Fish agency eyes Moon Lake Park changes – Times

Updated: 1:10 AM

Fish agency eyes Moon Lake Park changes

By Tom Venesky
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WRIGHT TWP. – The Pennsylvania Fish and Boat Commission hopes to talk to Luzerne County officials about possible options to keep Moon Lake Park open for the upcoming trout season.

This week it was learned that the county will be closing the park during the week, effective this weekend, due to a lack of county security workers. The park will be open on Saturday and Sundays from 9 a.m. to 4:30 p.m.

That may not be enough to justify stocking the lake with trout. The commission has three trout stockings scheduled for Moon Lake this season – a preseason release on April 5 followed by two in-season stockings – April 28 and May 5.

During a public meeting with commission officials on Thursday at Crestwood High School, Executive Director John Arway said that when a waterway is removed from the stocking schedule, the agency tries to find another location nearby to release the trout that is open to public fishing.

With trout season a little more than a month away, such a move might be difficult, Arway said.

“This is going to be a tough one to adjust,” he said. “We just found out about it today, and we’d like to work with the county to discuss some options to keep Moon Lake open for fishing.”

State Rep. Gerald Mullery, who organized Thursday’s meeting, said if the lake can’t be stocked he’d like to see the trout that were allocated for Moon Lake be released somewhere else in the county.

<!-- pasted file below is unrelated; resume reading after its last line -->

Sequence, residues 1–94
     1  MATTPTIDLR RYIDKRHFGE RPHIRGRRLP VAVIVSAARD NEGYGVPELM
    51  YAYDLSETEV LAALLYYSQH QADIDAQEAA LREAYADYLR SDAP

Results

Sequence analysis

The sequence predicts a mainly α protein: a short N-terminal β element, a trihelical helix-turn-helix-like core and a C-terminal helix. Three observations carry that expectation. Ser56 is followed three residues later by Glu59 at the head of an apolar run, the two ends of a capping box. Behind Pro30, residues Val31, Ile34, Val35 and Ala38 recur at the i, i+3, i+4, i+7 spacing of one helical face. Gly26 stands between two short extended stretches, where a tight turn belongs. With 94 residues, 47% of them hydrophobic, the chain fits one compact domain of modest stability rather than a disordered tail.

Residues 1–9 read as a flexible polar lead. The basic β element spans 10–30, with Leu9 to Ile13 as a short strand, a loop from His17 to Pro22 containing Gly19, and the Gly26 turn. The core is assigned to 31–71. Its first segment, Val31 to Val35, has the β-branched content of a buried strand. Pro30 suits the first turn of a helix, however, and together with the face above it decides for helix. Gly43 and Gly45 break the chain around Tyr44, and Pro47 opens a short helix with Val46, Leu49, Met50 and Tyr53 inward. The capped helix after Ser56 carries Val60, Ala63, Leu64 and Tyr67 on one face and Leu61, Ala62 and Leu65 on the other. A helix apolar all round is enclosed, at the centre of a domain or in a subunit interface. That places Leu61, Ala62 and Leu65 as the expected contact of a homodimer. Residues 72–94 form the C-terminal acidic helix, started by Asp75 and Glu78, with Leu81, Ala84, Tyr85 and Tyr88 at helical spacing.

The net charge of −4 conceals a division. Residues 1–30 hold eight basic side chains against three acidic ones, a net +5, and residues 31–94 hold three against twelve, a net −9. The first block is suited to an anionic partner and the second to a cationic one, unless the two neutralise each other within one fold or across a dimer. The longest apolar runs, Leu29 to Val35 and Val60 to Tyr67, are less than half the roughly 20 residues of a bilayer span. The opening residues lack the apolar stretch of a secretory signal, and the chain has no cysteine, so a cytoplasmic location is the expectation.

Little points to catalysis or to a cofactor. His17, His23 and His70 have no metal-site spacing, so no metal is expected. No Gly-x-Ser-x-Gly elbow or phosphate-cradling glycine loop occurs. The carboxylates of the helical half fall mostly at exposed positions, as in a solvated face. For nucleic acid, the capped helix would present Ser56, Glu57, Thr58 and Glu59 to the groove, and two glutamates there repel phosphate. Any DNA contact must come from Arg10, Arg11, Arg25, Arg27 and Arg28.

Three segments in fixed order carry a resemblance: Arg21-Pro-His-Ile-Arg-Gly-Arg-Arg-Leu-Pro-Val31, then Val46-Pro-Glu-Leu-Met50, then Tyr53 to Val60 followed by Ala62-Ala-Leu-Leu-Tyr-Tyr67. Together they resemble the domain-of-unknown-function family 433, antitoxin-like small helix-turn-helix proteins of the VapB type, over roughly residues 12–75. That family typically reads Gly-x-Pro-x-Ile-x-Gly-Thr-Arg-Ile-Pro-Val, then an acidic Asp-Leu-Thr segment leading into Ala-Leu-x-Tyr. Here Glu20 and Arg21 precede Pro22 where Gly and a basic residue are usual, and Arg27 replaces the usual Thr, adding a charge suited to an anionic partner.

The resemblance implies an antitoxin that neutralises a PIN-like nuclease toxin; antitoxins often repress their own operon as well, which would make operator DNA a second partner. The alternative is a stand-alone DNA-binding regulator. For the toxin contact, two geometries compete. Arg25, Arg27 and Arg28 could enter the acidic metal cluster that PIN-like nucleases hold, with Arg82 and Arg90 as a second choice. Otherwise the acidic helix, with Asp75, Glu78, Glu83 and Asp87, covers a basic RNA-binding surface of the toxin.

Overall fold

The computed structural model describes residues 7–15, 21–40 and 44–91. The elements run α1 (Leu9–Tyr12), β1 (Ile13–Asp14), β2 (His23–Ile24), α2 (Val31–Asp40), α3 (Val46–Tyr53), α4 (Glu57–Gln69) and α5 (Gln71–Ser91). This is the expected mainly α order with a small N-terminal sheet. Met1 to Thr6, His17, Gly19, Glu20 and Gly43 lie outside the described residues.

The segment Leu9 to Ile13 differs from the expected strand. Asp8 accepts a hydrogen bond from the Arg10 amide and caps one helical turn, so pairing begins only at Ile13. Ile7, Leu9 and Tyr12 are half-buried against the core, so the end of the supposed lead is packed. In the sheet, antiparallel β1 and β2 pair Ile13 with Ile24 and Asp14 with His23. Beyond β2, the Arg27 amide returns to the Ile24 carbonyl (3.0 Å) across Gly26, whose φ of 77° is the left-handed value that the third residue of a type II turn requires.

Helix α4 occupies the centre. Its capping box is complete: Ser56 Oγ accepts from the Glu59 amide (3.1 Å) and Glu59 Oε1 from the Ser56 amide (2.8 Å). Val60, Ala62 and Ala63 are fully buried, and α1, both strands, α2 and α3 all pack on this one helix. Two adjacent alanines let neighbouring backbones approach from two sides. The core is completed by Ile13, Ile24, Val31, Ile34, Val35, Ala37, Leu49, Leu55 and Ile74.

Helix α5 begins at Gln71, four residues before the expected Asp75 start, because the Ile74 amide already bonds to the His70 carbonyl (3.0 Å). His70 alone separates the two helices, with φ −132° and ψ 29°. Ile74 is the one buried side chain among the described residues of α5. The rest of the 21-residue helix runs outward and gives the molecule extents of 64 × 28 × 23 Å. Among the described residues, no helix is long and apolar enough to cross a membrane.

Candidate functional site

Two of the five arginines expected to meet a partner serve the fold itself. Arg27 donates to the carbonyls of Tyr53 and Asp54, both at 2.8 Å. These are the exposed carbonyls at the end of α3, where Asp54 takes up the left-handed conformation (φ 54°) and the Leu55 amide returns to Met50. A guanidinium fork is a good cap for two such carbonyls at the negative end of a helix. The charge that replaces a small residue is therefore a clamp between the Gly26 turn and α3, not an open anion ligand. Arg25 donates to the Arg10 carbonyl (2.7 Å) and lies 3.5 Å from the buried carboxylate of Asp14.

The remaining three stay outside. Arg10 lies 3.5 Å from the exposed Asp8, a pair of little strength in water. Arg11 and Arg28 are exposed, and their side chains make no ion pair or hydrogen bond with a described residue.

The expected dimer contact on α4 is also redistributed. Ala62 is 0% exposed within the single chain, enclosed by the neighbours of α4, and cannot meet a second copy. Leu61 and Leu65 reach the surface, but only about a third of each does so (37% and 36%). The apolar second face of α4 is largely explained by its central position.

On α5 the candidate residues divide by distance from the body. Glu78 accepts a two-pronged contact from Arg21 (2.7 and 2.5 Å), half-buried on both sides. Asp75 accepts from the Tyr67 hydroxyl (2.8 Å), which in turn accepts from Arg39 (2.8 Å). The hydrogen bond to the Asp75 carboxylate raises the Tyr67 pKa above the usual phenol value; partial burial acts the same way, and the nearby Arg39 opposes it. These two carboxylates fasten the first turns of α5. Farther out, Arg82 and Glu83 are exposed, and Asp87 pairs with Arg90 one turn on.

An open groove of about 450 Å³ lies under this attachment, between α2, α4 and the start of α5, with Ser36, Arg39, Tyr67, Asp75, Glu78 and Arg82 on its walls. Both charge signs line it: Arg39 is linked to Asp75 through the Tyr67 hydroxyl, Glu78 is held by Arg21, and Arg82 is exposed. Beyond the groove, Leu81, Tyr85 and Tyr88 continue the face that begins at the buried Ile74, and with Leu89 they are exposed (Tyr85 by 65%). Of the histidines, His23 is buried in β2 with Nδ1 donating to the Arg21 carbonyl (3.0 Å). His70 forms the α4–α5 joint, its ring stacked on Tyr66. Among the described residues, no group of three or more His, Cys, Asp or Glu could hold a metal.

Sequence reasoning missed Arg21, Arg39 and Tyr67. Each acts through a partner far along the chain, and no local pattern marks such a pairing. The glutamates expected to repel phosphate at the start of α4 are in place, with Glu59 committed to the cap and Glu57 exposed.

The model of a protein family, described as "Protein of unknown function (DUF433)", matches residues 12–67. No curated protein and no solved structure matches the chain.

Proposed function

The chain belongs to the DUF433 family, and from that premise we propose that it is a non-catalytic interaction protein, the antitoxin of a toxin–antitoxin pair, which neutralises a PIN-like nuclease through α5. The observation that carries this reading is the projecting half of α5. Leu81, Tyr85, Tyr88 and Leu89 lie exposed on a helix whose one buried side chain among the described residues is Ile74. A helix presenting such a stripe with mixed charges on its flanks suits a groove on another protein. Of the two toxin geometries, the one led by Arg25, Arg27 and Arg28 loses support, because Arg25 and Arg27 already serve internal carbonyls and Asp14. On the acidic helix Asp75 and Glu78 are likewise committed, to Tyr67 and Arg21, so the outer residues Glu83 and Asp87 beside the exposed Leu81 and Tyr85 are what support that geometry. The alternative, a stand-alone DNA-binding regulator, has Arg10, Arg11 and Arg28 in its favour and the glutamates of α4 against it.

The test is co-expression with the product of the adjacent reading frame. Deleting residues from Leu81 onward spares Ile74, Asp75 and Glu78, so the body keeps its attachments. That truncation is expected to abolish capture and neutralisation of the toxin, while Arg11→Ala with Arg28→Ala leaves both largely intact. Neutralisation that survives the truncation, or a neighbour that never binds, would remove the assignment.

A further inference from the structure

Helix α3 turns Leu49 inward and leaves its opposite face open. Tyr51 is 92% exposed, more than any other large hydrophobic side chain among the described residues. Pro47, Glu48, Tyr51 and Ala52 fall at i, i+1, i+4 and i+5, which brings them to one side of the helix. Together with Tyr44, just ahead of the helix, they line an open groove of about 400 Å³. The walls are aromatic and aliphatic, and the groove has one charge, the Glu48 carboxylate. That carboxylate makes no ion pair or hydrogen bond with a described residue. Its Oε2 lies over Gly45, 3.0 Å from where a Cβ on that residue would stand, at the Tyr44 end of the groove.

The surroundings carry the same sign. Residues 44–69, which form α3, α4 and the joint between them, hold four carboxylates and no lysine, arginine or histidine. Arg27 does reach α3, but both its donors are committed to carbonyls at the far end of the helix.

The ultimate solution, Mullery said, would be to have a private entity take over the park and keep it open with all of the services it used to provide.

Kingston resident Norm Gavlick, who is a fish and boat commissioner representing the northeast region, suggested the county turn the lake over to the commission and let them the agency manage it.

If the agency isn’t able to stock Moon Lake this year, Arway said it will result in a financial loss to the area.

“The anglers that use the lake bring a lot of money to the local communities,” he said. “I’m sure the county doesn’t want to lose that economic value the lake has as a stocked trout water.”

Approximately 50 people attended the meeting and questioned Mullery and the commission officials on a variety of topics, including the impacts last September’s flood had on the river and streams, Marcellus shale drilling, fishing license sales, invasive weeds in area lakes and access for boaters on the river.

Mullery held a similar public forum with the Pennsylvania Game Commission last October and he hopes to continue to hold two meetings in the area each year to give hunters, anglers and boaters an opportunity to pose questions and concerns directly to agency officials.

“I serve on four committees, including the House Game and Fisheries Committee, and my staff receives more inquiries on game and fish issues than the other three committees combined,” Mullery said. “We found these meetings to be an overwhelming success and something that will grow every year.”

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